# How are take-off segments defined?

From take-off performance calculations I remember that the take-off and initial climb was expressed in a number of segments. Each segment had its own performance requirements. I presume they are described in some FAR / JAR but I don't know whether to look under certification or operational requirements.

What are the segments and how are they demarcated?

Do they differ for aircraft types (propeller vs. turbofan, number of engines?)

Are these segments used for certification, operationally or both?

You can find the 4 segment climb profile described for transport category airplanes in the Pilot's Handbook of Aeronautical Knowledge (FAA-H-8083-25) Ch 10 and codified in 14 CFR 25.111. The full 4 segment profile described below assumes an engine failure at $V_1$ and stipulates a climb and speed profile to clear obstacles. During normal all-engine ops this profile is still technically in place but you'll hit your speed and altitude targets in such a way that you'll takeoff into a climb with increasing airspeed and no intermediate level off (you will still likely use parts of the profile for your flap retraction schedule).

The segments of the climb are:

• Liftoff to 35' and $V_2$
At liftoff you are assumed to be in takeoff configuration with at least one engine not operating. After liftoff you will retract the gear and accelerate to $V_2$ while climbing. The goal here is the reach 35' height before the end of your takeoff distance. Note that for propeller aircraft, this height is 50' instead of 35'.

• 35' to acceleration height flown at $V_2$
During this segment you climb at $V_2$ until you reach a height at which it is safe to level off and accelerate. This height is called the acceleration height and is normally 400' AGL. However, this value can vary per runway and will be available to you in your performance data for a particular runway.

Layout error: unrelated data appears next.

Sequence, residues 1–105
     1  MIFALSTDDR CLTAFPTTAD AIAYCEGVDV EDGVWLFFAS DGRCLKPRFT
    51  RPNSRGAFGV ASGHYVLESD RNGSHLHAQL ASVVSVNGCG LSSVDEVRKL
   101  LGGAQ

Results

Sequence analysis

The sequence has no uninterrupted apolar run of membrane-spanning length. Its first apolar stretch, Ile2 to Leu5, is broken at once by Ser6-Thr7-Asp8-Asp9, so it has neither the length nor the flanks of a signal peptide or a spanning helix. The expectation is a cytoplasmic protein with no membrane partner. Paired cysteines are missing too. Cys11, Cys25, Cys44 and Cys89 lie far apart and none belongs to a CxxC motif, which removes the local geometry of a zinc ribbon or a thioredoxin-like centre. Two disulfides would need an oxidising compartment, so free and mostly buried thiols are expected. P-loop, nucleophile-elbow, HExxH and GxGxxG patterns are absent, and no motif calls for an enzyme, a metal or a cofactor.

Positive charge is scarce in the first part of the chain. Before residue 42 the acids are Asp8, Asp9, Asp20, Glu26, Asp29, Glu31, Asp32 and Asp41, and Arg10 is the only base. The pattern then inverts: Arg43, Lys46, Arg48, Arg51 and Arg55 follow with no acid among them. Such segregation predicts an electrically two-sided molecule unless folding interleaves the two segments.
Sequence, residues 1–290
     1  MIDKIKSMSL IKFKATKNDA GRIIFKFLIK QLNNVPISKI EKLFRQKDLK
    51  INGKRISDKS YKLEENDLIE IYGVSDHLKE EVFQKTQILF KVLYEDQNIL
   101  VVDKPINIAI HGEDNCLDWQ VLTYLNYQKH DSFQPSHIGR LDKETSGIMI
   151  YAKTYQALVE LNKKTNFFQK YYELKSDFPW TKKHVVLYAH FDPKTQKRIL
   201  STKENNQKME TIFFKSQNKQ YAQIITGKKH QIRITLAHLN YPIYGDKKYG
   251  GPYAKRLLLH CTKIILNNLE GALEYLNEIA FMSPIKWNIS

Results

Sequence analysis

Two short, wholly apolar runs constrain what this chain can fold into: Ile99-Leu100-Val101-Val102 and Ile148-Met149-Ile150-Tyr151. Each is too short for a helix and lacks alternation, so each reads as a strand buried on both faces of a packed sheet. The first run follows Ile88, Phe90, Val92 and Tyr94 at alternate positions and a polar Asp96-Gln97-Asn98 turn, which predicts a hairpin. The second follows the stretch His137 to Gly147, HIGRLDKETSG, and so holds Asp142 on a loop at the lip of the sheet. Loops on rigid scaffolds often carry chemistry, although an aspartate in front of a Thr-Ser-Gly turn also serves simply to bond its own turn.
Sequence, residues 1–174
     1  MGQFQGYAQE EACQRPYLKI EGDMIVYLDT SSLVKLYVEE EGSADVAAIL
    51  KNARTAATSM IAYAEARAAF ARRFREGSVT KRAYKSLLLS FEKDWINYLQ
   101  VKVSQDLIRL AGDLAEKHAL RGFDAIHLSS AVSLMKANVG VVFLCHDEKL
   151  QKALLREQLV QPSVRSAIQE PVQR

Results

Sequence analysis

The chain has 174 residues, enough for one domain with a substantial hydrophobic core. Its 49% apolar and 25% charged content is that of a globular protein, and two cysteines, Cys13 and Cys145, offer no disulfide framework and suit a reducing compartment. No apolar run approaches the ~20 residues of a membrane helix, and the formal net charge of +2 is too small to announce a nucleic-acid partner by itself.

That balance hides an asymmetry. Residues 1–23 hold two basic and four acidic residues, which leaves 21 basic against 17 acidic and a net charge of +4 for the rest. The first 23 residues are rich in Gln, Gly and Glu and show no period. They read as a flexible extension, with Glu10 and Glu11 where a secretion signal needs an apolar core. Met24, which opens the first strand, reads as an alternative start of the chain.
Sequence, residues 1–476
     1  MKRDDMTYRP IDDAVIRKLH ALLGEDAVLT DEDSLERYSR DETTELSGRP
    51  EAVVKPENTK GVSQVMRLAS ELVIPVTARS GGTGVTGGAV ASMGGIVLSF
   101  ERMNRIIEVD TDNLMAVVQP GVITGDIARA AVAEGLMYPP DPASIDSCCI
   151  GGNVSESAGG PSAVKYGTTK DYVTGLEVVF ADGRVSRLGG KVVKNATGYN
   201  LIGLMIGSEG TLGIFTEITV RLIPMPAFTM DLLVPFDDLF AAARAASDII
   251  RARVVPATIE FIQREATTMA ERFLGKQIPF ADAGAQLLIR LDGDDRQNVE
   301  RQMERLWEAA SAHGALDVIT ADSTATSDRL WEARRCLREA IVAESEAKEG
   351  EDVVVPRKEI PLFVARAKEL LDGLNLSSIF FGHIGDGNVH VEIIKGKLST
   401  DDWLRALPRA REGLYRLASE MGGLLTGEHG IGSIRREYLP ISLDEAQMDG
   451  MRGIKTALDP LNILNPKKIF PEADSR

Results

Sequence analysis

• Level flight at acceleration height to $V_{FS}$ You are clear of all obstacles, and now your goal shifts from altitude to airspeed. Level the airplane and accelerate.

• Continue climbing at $V_{FS}$ to 1500' (typical)
Once $V_{FS}$ is reached you will continue to climb at that airspeed. This will also mark your transition from takeoff flaps to a clean configuration. The height of 1500' is a typical value but may be different based on obstacles for a specific runway.

• Enroute climb
Upon reaching 1500' (or whatever altitude is used in the previous segment) at $V_{FS}$ you transition into your enroute climb. At this altitude you will begin to perform checklists for the engine failure you experienced between $V_1$ and liftoff and your after takeoff flows and checklists.

Fig 10-36 FAA-H-8083-25 pp 10-30

A transport category airplane with an engine inoperative must be able to meet the climb gradients stipulated in the image above. The climb gradients vary by number of engines,

• What a wonderful answer! Just a point: For propeller aircraft in the US, I think the certification requirement is to reach the best climb gradient speed V2 at 50 ft instead of 35. So the definition of the first climb segment is changed. Reference: 14 CFR Sec. G36.111: Flight Procedures. – mins Aug 25 '15 at 5:40
• What a wonderful answer! Just a point: For propeller aircraft in the US, I think the certification requirement is to reach the best climb gradient speed V2 at 50 ft instead of 35. So the definition of the first climb segment is changed. References: 14 CFR 121.177 - Airplanes: Reciprocating engine-powered: Takeoff limitations and 14 CFR Sec. G36.111: Flight Procedures – mins Aug 25 '15 at 6:07
• Hi, Could you explain what you exactly mean by "safe" in "During this segment you climb at V2 until you reach a height at which it is safe to level off"? I know this is a very stupid way of formulating things but, do you mean "not seeing any building or mountains" by safe? – LandonZeKepitelOfGreytBritn Feb 25 '17 at 14:36
• @trilolil an altitude that guarantees sufficient clearance from all obstacles. This altitude will be specified for the runway if non standard. – casey Feb 25 '17 at 16:34
• @casey obstacles = buildings, mountains? – LandonZeKepitelOfGreytBritn Feb 25 '17 at 18:34